Saturday, May 28, 2011

Lock, Stock and Two Smoking Barrels (Richie. 1998)

``Lock, Stock, etc. seems more like an exercise in style than anything else...."

After you have seen this many movies it becomes more and more difficult to not have a “seen that” mentality towards things that are not incredibly original. Sometimes I struggle to look past the obvious influences that filmmakers have, and I end up passing them off as completely unoriginal. This is my problem with Guy Richie. Not only does he make the same movie over and over again, but he also lacks any consistent originality. His considered masterpiece, Lock, Stock and Two Smoking Barrels , is not exception to this rule. From Performance to Pulp Fiction to (most notably) Reservoir Dogs, it is obvious that Richie has seen a lot of movies in his time. And he is maybe more interested in remaking them then he ever was in writing them on his own…

Guy Richie is a filmmaker from the seemingly endless list of “style over substance” directors of the 90’s. He rose to fame with Lock, Stock only after the lively Quentin Tarantino opened the door for his type of freewheeling style. Like Tarantino, you can see heavy influence in most of Richie’s work. Not only that, but you can also easily see that Richie, like QT, has no particular interest in pushing his plot. So what makes them different? Well, QT managed to make these flamboyant movie-making tricks into a sort of personal trademark. After we see anything else, we have all been there and done that. Lock, Stock is an exercise in been there and done that.

Though this does make the film less good, it does not make it a bad film. Lock, Stock follows the story of four working class friends who get caught up in the infamous scum factory that is the London underground. After losing a very high stakes card game, the friends find themselves in a massive debt to a mob boss and pornography lord. If they do not pay their half a million pound debt in one week, they each will start losing appendages at the hands of the colossal, Barry the Baptist.

This is the diving board that launches our heroes into a sea of flat plot twists and unnecessary roundabout. But this is what a film like this is banking on. Richie is not afraid to use everything from cursing to throw away gags to keep you interested in his film’s style. As the writer and director, Richie added scenes and dialogue that you can almost tell makes him boyishly proud. At what cost to the film? The main characters all fall victim to overbearing style as a viewer may never even find it necessary to learn any person’s name. Richie just parades characters in front of the screen for long enough to help us remember that they exist. By the middle of the picture, you start to wish that people were wearing name tags. There are too many characters, and not enough action for all of them.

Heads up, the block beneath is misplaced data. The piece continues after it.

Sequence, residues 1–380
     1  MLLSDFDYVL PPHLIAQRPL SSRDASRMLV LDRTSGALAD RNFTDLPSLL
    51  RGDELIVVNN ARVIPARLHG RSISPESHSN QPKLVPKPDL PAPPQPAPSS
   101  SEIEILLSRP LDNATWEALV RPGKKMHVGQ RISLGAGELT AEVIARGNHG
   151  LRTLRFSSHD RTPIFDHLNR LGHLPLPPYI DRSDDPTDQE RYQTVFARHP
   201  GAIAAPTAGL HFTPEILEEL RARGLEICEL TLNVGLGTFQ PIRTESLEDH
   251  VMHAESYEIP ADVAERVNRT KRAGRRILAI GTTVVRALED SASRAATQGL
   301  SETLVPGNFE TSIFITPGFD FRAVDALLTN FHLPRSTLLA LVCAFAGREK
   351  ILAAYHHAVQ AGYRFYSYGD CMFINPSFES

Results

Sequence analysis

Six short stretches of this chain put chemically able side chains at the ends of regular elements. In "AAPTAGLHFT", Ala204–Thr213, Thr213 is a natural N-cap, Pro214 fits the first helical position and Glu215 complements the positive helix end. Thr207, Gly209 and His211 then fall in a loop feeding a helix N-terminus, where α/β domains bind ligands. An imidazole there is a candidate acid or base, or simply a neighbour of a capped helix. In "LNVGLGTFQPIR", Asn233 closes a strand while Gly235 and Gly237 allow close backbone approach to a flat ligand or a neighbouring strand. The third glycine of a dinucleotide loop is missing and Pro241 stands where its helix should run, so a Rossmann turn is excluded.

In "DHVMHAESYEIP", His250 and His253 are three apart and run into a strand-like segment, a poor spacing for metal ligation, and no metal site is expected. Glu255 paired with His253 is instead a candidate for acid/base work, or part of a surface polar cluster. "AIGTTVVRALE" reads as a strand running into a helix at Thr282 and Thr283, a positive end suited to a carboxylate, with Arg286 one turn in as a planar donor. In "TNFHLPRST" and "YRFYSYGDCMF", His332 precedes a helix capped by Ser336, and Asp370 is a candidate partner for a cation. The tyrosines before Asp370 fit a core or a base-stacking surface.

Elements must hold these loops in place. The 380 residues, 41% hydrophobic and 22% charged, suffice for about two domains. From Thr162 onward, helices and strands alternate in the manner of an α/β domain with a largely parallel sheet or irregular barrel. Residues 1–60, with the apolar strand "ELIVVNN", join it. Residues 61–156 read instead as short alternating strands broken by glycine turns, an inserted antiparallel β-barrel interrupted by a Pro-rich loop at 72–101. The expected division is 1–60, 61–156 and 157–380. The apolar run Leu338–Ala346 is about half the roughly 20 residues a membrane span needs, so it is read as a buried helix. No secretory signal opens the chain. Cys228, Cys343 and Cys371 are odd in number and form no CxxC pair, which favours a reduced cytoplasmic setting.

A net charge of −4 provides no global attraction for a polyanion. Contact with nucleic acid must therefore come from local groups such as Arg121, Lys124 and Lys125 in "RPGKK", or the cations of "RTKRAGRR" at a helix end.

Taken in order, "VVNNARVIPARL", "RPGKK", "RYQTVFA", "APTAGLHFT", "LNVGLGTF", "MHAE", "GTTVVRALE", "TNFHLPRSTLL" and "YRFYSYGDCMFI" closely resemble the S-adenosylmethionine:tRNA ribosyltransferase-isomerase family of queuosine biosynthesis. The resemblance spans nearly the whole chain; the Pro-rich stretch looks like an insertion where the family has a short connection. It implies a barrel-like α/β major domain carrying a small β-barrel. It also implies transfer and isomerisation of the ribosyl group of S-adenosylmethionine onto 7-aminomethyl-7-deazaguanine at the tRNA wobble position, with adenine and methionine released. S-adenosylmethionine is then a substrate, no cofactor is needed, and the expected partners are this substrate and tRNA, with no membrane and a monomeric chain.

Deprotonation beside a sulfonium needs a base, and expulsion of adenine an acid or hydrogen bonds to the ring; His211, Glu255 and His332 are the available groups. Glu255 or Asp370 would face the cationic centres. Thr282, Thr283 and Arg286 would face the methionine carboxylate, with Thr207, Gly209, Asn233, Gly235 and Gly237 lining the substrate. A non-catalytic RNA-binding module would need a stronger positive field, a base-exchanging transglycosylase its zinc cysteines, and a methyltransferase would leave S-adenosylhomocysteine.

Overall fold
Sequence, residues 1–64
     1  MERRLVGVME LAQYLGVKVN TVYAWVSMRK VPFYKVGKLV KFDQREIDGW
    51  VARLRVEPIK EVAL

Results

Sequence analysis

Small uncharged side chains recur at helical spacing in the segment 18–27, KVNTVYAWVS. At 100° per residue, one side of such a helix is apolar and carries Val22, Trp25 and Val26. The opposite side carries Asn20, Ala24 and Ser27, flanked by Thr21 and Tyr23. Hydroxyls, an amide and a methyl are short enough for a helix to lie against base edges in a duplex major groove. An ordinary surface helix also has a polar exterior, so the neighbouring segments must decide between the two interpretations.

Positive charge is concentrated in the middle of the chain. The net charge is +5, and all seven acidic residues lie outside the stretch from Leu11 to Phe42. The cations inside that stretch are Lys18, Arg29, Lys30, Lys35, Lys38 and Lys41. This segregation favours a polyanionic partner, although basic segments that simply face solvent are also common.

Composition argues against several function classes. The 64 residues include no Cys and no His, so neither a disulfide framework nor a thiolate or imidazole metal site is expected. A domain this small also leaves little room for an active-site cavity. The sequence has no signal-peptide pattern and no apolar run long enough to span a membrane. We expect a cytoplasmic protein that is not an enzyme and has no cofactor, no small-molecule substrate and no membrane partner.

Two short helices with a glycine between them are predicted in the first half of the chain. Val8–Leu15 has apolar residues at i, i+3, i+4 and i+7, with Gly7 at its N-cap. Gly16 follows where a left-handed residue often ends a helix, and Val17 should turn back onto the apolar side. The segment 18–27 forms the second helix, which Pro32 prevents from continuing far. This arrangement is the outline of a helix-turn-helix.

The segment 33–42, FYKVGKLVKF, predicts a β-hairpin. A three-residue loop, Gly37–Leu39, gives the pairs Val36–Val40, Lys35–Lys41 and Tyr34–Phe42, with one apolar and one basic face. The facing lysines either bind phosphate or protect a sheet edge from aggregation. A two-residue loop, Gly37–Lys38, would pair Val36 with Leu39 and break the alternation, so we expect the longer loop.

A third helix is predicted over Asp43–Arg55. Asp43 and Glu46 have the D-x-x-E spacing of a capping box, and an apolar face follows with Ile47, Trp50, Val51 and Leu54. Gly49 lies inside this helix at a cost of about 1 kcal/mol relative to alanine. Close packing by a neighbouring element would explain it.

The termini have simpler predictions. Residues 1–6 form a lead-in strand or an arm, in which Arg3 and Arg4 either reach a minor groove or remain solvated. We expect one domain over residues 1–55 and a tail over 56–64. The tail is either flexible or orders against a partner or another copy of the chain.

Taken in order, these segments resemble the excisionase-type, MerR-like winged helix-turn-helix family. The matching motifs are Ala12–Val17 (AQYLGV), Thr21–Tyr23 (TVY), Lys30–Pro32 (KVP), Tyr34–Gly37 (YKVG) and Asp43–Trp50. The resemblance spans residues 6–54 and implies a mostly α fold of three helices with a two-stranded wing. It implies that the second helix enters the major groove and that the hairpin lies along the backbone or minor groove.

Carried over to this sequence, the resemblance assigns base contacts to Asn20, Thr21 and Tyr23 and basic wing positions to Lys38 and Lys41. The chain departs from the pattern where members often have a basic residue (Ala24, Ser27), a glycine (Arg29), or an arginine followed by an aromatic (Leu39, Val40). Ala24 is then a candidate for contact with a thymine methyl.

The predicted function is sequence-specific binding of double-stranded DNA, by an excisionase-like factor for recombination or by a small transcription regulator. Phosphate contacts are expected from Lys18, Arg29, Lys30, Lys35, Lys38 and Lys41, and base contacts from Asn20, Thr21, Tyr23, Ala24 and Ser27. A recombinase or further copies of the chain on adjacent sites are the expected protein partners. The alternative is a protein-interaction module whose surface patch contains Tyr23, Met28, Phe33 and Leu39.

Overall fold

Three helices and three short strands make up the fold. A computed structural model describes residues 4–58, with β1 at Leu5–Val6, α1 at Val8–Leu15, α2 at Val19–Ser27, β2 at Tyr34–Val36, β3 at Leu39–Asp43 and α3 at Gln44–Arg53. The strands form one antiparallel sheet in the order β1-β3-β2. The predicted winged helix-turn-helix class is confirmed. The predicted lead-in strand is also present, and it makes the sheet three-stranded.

I do think that Richie intentionally added a lovable character to the film in order to drive the marketing. We are all familiar with the former soccer star, Vinnie Jones, who rose to fame after getting a handful of opponent testicles during a match. He plays Big Chris. A hired hand for the antagonist, Chris has a certain wit and humor to him that makes him the most energetic aspect of Lock, Stock. He also has a deep, and easy to sympathize with, love for his adolescent son – who he allows to ride shotgun during his work. This relationship is also the only emotional connection in the entire film; there is no love story in Lock, Stock. Lord knows, THAT would be too much.

When it comes down to it, Lock, Stock and Two Smoking Barrels really is not an easy film to follow. It is too fast, too British and it features way too many characters. Most of the violence is either cut away from or completely off screen. This leaves the viewer guessing what happened to some of the most invested characters. This is also a film that much too closely resembles the first half of Performance, and anything made by QT. Guy Richie is an unoriginal filmmaker who uses undeniable style to distract you from his inability to show you something new. Even his style is ripped-off.

Believe it or not, I still think that Lock, Stock and Two Smoking Barrels is a very entertaining picture show. It is made to be watched with some popcorn and a rewind button (you WILL need to re-hear some of that thick cockney dialogue) nearby. You may enjoy the film, but I promise you will think that you have seen it all before. Because you have…..

Lock, Stock and Two Smoking Barrels: B-

My Next Film....Sweet Sweetback's Baadasssss Song (Van Peebles. 971)

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